Google Keep Is Chugging Along Nicely

I still remember the shutdown of Google Reader in July 2013 — who doesn’t? It was one of the first high-profile product shutdowns that shaped and contributed to Google’s reputation (and countless memes) as a product killer. With the shock and disappointment of Google Reader’s loss still fresh, many questioned the future of Google Keep. A Google Keep note on my Pixel 2 XL phone. This new product had been initially released just a few months earlier, in March 2013. The conventional wisdom was to not use Keep because it was likely going away soon, too. Yet the product has been going on and regularly getting new features for over 6 years. Another high-profile shutdown, the one of Google+ 8 years after its launch, is a hint anything may still happen. But the death of a specific product doesn't necessarily affect the fate of another. The case of Google Keep is worth reminding each time Google unveils a new product.

Missing or Misplaced Keyboard Shortcuts on Your Non-English Chromebook? Here’s What to Do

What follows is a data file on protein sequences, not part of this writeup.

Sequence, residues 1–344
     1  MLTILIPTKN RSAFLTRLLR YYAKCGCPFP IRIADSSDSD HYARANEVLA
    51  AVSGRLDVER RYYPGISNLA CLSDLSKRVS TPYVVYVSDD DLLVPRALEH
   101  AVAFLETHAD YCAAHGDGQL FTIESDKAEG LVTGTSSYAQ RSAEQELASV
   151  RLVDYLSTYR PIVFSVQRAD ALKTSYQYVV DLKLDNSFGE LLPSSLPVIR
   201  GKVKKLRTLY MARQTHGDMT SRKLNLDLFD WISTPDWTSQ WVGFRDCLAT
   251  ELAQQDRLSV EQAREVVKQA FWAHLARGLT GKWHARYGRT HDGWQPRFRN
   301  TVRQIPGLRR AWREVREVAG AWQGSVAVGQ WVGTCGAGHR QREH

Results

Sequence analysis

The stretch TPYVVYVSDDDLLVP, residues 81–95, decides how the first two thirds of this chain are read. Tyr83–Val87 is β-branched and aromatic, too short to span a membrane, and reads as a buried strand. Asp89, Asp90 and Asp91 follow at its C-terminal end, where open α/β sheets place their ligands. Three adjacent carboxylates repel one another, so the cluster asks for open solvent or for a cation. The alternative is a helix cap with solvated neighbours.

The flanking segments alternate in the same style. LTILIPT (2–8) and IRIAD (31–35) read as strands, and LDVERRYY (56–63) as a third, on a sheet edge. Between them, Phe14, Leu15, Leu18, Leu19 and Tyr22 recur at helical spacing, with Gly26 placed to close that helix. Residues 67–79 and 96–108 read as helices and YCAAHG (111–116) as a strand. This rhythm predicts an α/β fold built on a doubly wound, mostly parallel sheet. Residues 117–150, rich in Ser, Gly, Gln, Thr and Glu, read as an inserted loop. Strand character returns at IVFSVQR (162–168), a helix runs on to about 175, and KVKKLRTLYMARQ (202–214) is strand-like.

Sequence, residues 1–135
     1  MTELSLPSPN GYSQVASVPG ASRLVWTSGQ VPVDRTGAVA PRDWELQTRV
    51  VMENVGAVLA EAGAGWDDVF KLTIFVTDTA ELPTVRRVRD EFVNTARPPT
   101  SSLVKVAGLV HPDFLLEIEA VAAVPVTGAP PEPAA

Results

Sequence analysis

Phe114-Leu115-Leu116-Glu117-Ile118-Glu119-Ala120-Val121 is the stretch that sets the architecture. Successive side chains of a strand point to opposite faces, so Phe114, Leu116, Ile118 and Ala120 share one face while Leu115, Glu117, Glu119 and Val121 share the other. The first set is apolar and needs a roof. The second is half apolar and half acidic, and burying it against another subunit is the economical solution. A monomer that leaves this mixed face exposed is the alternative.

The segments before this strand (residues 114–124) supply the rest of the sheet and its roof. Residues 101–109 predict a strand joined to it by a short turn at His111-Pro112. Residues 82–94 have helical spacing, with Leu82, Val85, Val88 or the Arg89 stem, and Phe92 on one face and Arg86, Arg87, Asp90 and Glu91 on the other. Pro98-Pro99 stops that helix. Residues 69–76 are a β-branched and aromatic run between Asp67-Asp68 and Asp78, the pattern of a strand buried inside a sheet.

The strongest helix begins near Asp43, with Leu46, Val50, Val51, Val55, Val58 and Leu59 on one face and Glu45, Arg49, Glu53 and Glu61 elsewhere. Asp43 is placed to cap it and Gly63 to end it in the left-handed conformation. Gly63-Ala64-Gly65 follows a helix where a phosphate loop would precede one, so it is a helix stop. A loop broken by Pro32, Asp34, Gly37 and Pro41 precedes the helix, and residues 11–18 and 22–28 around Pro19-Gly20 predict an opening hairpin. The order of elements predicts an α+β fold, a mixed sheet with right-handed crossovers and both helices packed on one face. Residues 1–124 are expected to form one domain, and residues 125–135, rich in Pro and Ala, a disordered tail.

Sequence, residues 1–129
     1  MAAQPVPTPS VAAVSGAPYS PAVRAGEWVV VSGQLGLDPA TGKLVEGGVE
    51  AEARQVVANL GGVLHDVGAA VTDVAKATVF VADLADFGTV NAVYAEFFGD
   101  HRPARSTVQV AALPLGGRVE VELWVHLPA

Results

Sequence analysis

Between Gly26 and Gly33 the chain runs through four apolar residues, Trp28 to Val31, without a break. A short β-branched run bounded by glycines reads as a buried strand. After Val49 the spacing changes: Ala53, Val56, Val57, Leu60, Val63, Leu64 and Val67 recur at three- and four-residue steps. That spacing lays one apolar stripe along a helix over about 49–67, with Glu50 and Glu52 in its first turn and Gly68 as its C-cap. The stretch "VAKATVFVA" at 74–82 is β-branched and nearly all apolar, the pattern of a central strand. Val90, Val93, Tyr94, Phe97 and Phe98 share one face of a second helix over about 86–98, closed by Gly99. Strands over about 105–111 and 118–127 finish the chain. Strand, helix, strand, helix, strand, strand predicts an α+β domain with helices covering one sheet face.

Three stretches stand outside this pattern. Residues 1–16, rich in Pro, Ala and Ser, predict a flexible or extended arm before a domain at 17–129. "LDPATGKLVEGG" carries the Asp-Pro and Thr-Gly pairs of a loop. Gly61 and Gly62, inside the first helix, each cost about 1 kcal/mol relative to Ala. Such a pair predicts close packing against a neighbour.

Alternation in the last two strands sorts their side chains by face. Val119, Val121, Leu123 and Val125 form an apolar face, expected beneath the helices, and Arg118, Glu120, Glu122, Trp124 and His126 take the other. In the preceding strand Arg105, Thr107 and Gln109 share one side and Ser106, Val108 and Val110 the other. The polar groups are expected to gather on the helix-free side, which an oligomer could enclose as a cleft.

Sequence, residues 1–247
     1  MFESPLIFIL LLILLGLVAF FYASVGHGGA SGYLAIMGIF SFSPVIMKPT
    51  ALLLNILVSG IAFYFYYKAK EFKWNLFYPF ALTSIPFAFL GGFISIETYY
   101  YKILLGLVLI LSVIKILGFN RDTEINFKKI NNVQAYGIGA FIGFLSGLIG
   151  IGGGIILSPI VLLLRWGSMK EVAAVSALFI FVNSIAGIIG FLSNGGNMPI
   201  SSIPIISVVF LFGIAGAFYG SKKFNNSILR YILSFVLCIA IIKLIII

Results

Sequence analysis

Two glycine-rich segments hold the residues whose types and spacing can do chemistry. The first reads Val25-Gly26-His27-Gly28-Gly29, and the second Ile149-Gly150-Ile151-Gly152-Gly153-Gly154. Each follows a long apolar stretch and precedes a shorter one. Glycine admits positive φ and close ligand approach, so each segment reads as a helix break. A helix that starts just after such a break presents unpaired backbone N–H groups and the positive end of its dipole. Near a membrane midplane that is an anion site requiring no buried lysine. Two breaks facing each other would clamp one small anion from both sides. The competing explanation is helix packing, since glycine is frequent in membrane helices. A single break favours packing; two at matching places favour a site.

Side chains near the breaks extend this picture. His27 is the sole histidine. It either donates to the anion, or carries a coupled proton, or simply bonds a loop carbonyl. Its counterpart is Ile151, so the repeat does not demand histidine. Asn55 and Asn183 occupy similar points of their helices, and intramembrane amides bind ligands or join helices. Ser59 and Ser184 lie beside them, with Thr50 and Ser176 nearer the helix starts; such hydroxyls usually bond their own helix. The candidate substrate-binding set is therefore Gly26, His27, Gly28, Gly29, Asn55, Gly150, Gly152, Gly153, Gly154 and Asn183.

Are any keyboard shortcuts missing from your Chromebook with a non-English keyboard, or aren’t where the documentation says? It’s not just you. So star these issues in the Chromium tracker to let Google know they are widespread and require action: Docking windows using "alt + [ or ]" does not work on German keyboards as there is no "[ ]" key Virtual desks shortcuts missing from the Italian keyboard layout If you have a Chromebook with a keyboard layout of a language other than English, you likely realized a lot of shortcuts work only with different keys than the ones the Chrome OS help center or the Settings > Keyboard > Show keyboard shortcuts tool list. And some shortcuts are missing altogether. The keyboard shortcuts for virtual desktops listed in the Chrome OS keyboard mapping tool on my ASUS Chromebox 3. On Italian keyboards the shortcuts aren't where they're supposed to be and some are missing. There's a common cause. It’s an is